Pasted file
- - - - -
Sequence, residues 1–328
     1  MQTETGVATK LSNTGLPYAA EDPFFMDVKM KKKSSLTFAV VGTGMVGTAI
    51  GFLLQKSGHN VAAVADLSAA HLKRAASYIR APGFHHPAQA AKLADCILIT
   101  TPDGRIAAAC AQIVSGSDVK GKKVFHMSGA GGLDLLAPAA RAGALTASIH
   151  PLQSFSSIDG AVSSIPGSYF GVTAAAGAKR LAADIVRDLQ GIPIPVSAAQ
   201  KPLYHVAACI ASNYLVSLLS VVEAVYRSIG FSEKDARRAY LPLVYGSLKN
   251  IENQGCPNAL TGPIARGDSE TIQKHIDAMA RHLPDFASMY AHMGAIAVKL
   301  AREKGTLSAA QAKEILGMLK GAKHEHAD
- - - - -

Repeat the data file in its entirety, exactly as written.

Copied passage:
Sequence, residues 1–328
     1  MQTETGVATK LSNTGLPYAA EDPFFMDVKM KKKSSLTFAV VGTGMVGTAI
    51  GFLLQKSGHN VAAVADLSAA HLKRAASYIR APGFHHPAQA AKLADCILIT
   101  TPDGRIAAAC AQIVSGSDVK GKKVFHMSGA GGLDLLAPAA RAGALTASIH
   151  PLQSFSSIDG AVSSIPGSYF GVTAAAGAKR LAADIVRDLQ GIPIPVSAAQ
   201  KPLYHVAACI ASNYLVSLLS VVEAVYRSIG FSEKDARRAY LPLVYGSLKN
   251  IENQGCPNAL TGPIARGDSE TIQKHIDAMA RHLPDFASMY AHMGAIAVKL
   301  AREKGTLSAA QAKEILGMLK GAKHEHAD